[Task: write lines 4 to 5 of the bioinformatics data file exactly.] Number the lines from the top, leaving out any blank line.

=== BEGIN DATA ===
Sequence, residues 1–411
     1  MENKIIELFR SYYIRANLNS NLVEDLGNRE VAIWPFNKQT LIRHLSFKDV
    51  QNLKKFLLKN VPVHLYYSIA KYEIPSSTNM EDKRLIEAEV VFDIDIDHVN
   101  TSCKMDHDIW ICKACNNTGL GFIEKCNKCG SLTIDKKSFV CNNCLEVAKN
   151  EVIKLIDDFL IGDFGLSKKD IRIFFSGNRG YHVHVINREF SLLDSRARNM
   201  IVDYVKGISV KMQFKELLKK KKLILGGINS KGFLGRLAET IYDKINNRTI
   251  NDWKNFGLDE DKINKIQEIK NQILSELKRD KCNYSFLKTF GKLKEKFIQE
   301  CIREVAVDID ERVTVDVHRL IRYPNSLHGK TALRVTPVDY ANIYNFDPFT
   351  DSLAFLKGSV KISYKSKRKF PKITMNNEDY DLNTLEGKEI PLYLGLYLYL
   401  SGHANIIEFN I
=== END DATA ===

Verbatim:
   101  TSCKMDHDIW ICKACNNTGL GFIEKCNKCG SLTIDKKSFV CNNCLEVAKN
   151  EVIKLIDDFL IGDFGLSKKD IRIFFSGNRG YHVHVINREF SLLDSRARNM